Saturday, 25 September 2021

Macari’s Musical Exchange - part of Wembley’s Pop Music history – Part 2

This is the second and final part of Philip  Grant's Guest Post on the Macari music shop. The first part can be read HERE.

Welcome back to this concluding part of an Ealing Road music shop’s story. In Part 1 we met two Alans, a vocalist and a guitar player, who started a skiffle group with school friends, and regularly visited Macari’s Musical Exchange. We join them again as a “beat” group in the early 1960s.


A Musical Exchange advert from the 1960s. (Image from the internet, courtesy of Tony Royden)


Alan Hayward and the Haymakers usually practised at Lyon Park School, and mainly performed at a club based there. One day, while rehearsing at the school, a teenage drummer called Keith Moon came to hear them. He showed them what he could do on his drums, and managed to move the drum kit as far as the door while drumming! The group was not impressed with him (nor he with them).


The young Keith Moon, from Chaplin Road, was a hyperactive boy, who joined the local Sea Cadets aged 12, and learned to play the bugle. On his way home from Alperton Secondary Modern School, he often used to go into Macari’s Musical Exchange, at one time learning to play the trumpet.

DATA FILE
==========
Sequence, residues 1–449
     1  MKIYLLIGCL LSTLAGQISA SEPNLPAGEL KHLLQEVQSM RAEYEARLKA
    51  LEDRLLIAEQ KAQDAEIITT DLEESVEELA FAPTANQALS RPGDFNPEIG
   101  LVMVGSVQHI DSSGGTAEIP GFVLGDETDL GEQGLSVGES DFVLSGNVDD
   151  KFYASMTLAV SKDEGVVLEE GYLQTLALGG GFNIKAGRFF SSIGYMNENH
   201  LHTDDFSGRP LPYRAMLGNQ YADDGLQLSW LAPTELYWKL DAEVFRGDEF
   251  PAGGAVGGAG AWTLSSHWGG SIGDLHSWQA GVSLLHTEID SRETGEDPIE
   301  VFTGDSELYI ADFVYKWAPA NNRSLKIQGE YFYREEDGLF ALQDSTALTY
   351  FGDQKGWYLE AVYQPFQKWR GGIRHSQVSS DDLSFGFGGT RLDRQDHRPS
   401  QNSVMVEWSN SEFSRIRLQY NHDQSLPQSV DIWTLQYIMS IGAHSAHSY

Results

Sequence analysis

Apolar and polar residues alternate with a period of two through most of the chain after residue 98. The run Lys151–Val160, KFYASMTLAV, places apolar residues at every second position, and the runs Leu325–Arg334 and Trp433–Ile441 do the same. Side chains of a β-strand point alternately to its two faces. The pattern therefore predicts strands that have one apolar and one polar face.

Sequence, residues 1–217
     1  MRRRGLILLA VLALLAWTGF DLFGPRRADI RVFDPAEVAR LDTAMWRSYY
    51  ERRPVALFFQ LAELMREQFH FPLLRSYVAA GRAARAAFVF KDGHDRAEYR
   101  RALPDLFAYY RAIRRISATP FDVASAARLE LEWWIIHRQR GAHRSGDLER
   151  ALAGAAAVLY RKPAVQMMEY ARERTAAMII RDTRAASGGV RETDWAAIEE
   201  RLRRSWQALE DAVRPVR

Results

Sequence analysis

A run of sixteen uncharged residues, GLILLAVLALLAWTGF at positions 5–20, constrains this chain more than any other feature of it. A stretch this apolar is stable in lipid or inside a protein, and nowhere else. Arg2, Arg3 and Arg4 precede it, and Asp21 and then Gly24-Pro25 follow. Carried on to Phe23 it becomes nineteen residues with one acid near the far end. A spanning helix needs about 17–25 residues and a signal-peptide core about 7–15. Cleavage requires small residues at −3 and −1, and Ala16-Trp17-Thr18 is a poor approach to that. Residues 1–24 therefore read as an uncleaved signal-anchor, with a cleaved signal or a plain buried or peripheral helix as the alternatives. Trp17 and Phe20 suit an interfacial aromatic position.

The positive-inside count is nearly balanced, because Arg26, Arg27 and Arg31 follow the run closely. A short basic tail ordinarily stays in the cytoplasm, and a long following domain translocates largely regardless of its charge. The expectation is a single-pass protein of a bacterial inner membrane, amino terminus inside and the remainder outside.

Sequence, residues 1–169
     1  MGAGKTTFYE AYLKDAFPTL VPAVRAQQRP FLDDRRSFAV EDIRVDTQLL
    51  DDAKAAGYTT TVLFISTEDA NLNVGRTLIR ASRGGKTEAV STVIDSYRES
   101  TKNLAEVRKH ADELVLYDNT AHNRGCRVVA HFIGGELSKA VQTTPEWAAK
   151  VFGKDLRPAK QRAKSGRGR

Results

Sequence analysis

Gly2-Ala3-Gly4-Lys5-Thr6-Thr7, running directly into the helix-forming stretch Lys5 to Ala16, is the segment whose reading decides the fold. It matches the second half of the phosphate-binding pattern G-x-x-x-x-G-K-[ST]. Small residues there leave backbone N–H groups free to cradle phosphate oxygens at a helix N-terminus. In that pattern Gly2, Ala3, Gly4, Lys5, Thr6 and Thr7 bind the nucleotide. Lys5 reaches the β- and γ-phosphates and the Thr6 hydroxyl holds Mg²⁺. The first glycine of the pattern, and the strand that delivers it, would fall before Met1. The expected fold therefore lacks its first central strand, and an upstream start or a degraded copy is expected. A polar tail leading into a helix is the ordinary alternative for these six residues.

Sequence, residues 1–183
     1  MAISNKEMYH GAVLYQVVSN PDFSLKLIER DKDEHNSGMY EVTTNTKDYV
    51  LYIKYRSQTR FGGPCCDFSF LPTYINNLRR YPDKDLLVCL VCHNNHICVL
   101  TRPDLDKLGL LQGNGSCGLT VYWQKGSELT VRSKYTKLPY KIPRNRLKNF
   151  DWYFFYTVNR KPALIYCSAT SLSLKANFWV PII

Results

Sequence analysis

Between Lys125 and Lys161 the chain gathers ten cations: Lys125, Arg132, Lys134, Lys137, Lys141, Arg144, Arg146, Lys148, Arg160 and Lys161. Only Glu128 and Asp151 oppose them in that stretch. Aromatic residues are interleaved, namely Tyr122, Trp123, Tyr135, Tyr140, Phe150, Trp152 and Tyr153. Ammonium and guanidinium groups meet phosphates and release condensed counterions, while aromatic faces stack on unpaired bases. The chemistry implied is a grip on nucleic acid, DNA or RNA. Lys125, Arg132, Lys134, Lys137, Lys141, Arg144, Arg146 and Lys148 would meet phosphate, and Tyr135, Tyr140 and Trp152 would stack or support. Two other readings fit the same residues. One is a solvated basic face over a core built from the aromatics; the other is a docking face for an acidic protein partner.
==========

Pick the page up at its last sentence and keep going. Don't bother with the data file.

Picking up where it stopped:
Glo Macari used to see him in the shop, and he must have been quite an attractive teenager. She used to go with her cousin to a nearby greengrocers (probably Smith’s Fruiterers at 40 Ealing Road) to buy a couple of pounds of potatoes, just to see him sweeping up at the back! Keith then decided that drums would be his instrument, and Glo remembers him buying some drum sticks from her grandfather. He was allowed to play on drums in the shop, and took lessons from a local professional drummer, Carlo Little.


[In the early 1960s Carlo was a member of The Savages, the backing group for Sudbury “singer” and performer Screaming Lord Sutch (if you’ve ever heard a recording of his one minor hit record, “Jack the Ripper”, you will know why I have put “singer” in inverted commas!). Carlo Little was a well-respected musician, and even played a few times for the “Rolling Stones” in 1962, when another Wembley drummer, Charlie Watts, was not available because he was still employed as a commercial artist.]